Trump's wealthy GOP donors are being scrutinized amid president's pardon scheme

Trump's wealthy GOP donors are being scrutinized amid president's pardon scheme
President Donald Trump speaks with Senior Advisor to the President Jared Kushner following the G20 Women's Empowerment Event in Osaka, Japan. (Official White House Photo by Shealah Craighead)
Watchdog sues Trump, Kushner and White House to prevent records from being illegally destroyed

The U.S. Department of Justice over the summer investigated one of the Trump campaign's top fundraisers, and lawyer for the president's son-in-law, Jared Kushner, for his possible involvement in an alleged scheme to offer bribes in exchange for clemency to be granted for a tax crimes convict, according to The New York Times.

On Tuesday, Chief Judge Beryl A. Howell of the United States District Court for the District of Columbia unsealed court documents outlining an investigation into a bribery scheme involving Trump fundraiser, Elliott Broidy, and Kushner's lawyer, Abbe Lowell. Although the documents confirm the existence of the investigation, the publication reports that the documents had been heavily redacted.

It has been reported that Sanford Diller — a billionaire real estate developer in San Francisco — reportedly asked Broidy and Lowell for assistance in securing clemency for a Berkeley psychologist named Hugh L. Baras, who was facing time in federal prison following his conviction of .tax evasion and improperly claiming Social Security benefits. If clemency were granted to Baras, Diller allegedly agreed to make "a substantial political contribution" to an unspecified recipient in exchange for the pardon."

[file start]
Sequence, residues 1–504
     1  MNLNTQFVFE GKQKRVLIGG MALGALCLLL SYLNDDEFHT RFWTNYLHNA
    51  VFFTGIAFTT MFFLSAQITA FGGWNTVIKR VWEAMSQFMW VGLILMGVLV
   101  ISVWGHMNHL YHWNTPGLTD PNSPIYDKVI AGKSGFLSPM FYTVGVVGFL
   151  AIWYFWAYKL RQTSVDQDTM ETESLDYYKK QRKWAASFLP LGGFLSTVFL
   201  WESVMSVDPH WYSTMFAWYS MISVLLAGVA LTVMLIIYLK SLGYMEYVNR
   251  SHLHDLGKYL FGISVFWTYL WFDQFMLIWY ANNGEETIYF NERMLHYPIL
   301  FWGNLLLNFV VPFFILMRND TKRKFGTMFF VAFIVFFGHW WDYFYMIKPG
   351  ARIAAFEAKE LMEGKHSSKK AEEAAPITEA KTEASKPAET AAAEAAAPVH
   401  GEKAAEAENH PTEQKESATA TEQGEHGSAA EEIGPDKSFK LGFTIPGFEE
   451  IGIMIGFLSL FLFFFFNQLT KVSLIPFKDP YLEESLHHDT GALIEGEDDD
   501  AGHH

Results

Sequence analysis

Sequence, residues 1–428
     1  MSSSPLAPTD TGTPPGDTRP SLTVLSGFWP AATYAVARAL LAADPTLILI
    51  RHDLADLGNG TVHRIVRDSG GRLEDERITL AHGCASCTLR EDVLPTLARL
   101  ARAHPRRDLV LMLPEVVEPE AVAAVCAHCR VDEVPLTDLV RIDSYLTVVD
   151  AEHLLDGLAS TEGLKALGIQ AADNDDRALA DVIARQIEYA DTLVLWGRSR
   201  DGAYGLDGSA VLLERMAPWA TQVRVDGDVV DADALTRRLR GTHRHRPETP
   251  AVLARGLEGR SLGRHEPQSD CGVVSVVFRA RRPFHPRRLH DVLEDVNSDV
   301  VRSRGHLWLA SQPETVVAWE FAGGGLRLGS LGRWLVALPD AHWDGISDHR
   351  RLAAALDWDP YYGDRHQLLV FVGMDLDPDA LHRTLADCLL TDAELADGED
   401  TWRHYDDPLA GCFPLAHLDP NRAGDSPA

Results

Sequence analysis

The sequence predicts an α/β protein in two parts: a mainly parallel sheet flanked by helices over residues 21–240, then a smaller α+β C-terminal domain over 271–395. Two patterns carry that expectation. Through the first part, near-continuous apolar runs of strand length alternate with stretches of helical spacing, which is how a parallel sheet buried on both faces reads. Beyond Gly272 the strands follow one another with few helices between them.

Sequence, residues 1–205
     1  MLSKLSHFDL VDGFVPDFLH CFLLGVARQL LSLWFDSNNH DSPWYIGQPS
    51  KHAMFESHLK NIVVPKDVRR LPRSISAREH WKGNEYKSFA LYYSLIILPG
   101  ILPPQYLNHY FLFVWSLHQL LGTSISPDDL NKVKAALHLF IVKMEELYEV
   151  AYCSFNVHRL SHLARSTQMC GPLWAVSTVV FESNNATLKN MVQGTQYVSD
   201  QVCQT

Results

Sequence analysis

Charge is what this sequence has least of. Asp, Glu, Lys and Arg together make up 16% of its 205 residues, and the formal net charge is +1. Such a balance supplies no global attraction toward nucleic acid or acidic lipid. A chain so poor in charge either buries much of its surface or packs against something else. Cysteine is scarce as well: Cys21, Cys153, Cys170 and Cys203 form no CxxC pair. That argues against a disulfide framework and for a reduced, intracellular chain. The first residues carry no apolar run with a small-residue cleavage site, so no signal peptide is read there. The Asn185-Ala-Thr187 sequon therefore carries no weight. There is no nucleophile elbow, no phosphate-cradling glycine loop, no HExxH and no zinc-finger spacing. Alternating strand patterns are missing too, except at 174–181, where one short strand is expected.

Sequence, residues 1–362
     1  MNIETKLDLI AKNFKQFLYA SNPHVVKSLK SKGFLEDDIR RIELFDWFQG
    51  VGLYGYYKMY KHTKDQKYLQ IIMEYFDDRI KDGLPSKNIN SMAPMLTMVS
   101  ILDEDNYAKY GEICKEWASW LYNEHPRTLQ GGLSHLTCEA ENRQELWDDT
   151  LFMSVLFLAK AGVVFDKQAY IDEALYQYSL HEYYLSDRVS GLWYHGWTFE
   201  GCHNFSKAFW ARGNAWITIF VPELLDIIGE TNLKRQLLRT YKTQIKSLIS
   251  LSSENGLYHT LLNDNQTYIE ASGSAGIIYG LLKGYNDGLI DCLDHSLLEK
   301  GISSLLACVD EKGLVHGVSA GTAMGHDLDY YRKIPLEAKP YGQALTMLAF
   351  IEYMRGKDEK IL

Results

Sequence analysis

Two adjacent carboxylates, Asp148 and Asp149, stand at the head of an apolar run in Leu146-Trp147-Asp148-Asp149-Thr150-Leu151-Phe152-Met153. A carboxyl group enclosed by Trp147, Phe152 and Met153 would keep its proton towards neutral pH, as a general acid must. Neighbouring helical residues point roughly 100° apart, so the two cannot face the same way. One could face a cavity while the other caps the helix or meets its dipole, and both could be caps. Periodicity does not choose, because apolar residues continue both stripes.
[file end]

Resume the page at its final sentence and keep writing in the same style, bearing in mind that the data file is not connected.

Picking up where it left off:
To secure the agreement, someone reportedly appealed to the White House Counsel's Office to confirm that the "clemency petition reached the targeted officials." However, after Diller passed away in February of 2018, the full exchange was never carried out. According to Reid H. Weingarten, Lowell's friend and lawyer, claims no bribes were ever paid.

"This is much ado about precious little," Mr. Weingarten said. "They investigated and concluded that nothing was amiss. In addition, prosecutors did not have the slightest issue with Abbe."

An attorney for Broidy also insists that although his client only played a minor role in the situation, he is guilty of no wrongdoing.

"Mr. Broidy was asked by Mr. Diller to refer him to a D.C. lawyer who could assist on a clemency petition," said the lawyer, William A. Burck. "Mr. Broidy sent him to Abbe Lowell. That's not lobbying, and Mr. Broidy is not under investigation and has not been accused by anyone of any wrongdoing whatsoever."

The court filings were unsealed following a decision by Judge Howell to give prosecutors access to email records to further investigate the alleged scheme. After reviewing a small number of the emails, Judge Howell determined that she did not believe the email correspondence was a violation of attorney-client privilege.

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